TTB Approves San Luis Obispo Coast (SLO Coast) Viticultural Area

Last week was an exciting week for producers and consumers of California Central Coast wine. On Wednesday, March 9, the Alcohol and Tobacco Tax and Trade Bureau (the “TTB”) published a final rule establishing a new “San Luis Obispo Coast,” or “SLO Coast,” American Viticultural Area (“AVA”).

The SLO Coast AVA (identified in orange below) spans approximately 408,505 acres in San Luis Obispo County and is home to over 50 wineries and an estimated 78 commercial vineyards covering approximately 3,942 acres. It lies entirely within the multi-county Central Coast AVA and fully encompasses the established Edna Valley and Arroyo Grande Valley AVAs.

Map of “San Luis Obispo Coast” or “SLO Coast” AVA. Image: TTB.

Located along the westernmost portion of the Central Coast AVA, the SLO Coast AVA is a region of coastal terraces, foothills, and small valleys along the Pacific Coast. Its westward orientation provides more marine fog and cool marine air compared to other regions of the Central Coast AVA, using the powerhouse of the Pacific Ocean to moderate temperatures and foster optimal vineyard conditions for growing early-to-mid-season grape varietals such as Chardonnay and Pinot Noir.

Aaron Wines in Paso Robles, CA falls within the boundaries of the new SLO Coast AVA and has planted 90% of its 4,000 planted acres within 6 miles of the Pacific Ocean. Winemaker Aaron Jackson is thrilled by the important addition of the SLO Coast AVA to the “few truly coastal AVAs” in the state of California. Brian Talley of Talley Vineyards in Arroyo Grande, CA shares Mr. Jackson’s sentiments, adding that the approval of the SLO Coast AVA will “drive awareness of the coastal part of San Luis Obispo County as a world class winegrowing region.”

The establishment of the SLO Coast AVA formally recognizes the unique topography, climate, and soils of the area and offers winemakers more diversity and flexibility in marketing their wines to consumers.

Effective April 9, 2022, vintners will be able to label bottles with “San Luis Obispo Coast,” “SLO Coast,” and “Central Coast” as appellations of origin if at least 85% of the wine is derived from grapes grown within the boundaries of the SLO Coast AVA and the wine otherwise meets the statutory requirements of 27 CFR 4.25(e)(3). Vintners producing wine from grapes grown in the Edna Valley or Arroyo Grande Valley AVAs can also continue to label bottles with “Edna Valley” or “Arroyo Grande Valley” as appellations of origin for their wines.

Dickenson, Peatman & Fogarty has represented a number of AVA petitioners before the TTB, including the SLO Coast petitioners. For more information on AVA petitions and labeling compliance, please contact Carol Kingery Ritter or John Trinidad.

Monterey County Wines Subject to New Conjunctive Labeling Requirements

Are you planning on bottling and labeling any wines with the name of a Monterey County AVA in the new year?  Then you’ll need to comply with a new conjunctive labeling requirement.  See Cal. Business and Professions Code Sec. 25247.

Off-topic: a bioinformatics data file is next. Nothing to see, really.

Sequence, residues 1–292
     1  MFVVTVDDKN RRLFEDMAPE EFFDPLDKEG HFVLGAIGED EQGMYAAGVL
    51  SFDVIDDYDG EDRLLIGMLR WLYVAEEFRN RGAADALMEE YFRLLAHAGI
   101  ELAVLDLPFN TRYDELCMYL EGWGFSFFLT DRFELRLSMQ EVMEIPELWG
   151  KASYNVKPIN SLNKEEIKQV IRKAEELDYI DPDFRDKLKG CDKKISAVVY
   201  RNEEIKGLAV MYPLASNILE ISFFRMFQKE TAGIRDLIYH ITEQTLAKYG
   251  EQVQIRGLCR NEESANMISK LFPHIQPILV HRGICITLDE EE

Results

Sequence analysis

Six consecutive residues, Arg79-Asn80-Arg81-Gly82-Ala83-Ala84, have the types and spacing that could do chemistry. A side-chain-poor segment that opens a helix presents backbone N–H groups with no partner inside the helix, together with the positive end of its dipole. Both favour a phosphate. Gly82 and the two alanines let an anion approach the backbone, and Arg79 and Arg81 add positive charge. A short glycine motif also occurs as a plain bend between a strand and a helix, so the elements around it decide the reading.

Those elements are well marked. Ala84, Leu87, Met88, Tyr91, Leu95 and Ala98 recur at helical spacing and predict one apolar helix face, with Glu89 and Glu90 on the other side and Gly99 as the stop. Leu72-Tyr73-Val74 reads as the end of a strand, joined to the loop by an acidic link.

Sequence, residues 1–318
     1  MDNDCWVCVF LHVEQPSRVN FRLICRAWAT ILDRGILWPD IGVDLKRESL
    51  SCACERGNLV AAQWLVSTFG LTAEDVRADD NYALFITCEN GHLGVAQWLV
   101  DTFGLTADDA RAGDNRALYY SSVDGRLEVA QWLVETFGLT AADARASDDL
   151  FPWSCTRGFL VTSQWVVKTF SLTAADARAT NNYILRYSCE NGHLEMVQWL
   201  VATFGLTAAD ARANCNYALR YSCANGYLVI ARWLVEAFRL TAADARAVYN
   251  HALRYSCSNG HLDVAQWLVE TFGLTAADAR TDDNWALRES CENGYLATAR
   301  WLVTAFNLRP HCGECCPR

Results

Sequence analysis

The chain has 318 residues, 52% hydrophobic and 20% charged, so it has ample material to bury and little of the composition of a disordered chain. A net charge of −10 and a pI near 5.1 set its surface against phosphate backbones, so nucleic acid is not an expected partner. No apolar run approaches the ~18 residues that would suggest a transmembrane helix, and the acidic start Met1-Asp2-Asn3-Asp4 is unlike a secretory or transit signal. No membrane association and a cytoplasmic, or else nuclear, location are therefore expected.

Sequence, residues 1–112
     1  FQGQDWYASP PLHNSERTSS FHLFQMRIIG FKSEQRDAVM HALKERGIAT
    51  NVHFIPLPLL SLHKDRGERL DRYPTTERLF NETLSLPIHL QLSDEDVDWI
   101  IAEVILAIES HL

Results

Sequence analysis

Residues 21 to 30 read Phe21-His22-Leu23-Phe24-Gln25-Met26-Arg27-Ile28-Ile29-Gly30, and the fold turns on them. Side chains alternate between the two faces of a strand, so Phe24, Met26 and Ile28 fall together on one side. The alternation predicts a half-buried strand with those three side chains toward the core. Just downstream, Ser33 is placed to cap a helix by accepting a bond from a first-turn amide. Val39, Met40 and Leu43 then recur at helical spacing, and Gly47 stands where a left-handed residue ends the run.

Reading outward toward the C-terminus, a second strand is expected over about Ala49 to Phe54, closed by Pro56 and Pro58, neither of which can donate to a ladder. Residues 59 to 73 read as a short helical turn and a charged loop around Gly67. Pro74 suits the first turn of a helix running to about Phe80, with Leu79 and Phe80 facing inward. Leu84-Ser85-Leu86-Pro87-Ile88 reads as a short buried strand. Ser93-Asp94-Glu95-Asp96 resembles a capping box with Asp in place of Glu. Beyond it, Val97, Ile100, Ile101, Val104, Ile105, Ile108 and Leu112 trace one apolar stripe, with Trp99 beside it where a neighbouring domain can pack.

In 2015, the state legislature passed a law requiring wine labeled with the name of an AVA that is entirely within Monterey County to also include a “Monterey County” designation. This includes the Arroyo Seco, Carmel Valley, and Santa Lucia Highlands AVAs.  The law applies to wines bottled on or after January 1, 2019.

The law does not apply to AVAs that straddle Monterey County and  any other county.  For example, the Chalone AVA bridges Monterey County and Benito County, so a wine labeled with the Chalone AVA is not covered by Sec. 25247.

There is one other exception to the conjunctive labeling requirement:  wines labeled with the Monterey AVA.  This is where things get a little confusing.  Under federal law, a wine can carry the name of a county as an appellation of wine origin.  AVAs are also considered appellations, but in order to carry the name of an AVA, a higher percentage of the grapes must come from that AVA.  In both cases, the wine must be fully finished in the state in which the county or AVA is located (assuming the AVA is entirely within one state).

Federal regulations recognize both a “Monterey County” appellation, as well as a Monterey AVA.  The Monterey AVA is located in Monterey County, but does not cover all of Monterey County (see map below).  Any wine that is labeled with the Monterey AVA is exempt from the California conjunctive labeling requirement found in Cal. Business and Professions Code Sec. 25247.

Monterey County AVAs

For more information regarding conjunctive labeling or wine labeling regulations, please contact John Trinidad.

New Paso AVAs Available for Use in November

In early 2006, the Paso Robles AVA Committee (PRAVAC) began an organized outreach effort to growers and vintners across the Paso Robles wine country and kicked off the formal process of gathering historical and scientific evidence that would support the further definition of the distinctive wine regions within the Paso Robles AVA.  For many PRAVAC members, the desire arose much earlier to educate the public about the unique areas within the Paso Robles AVA and how these distinctive qualities in each area impact the wine produced in the region.  In May 2007, the PRAVAC filed eleven petitions with the TTB to establish eleven separate AVAs within the approximately 612,000 acre Paso Robles AVA.

On Thursday, October 9, 2014, the TTB will publish the Final Rule establishing the 11 new AVAs within the Paso Robles AVA.  These new viticultural areas include Adelaida District, Creston District, El Pomar District, Paso Robles Estrella District, Paso Robles Geneseo District, Paso Robles Highlands District, Paso Robles Willow Creek District, San Juan Creek, San Miguel District, Santa Margarita Ranch, and Templeton Gap District.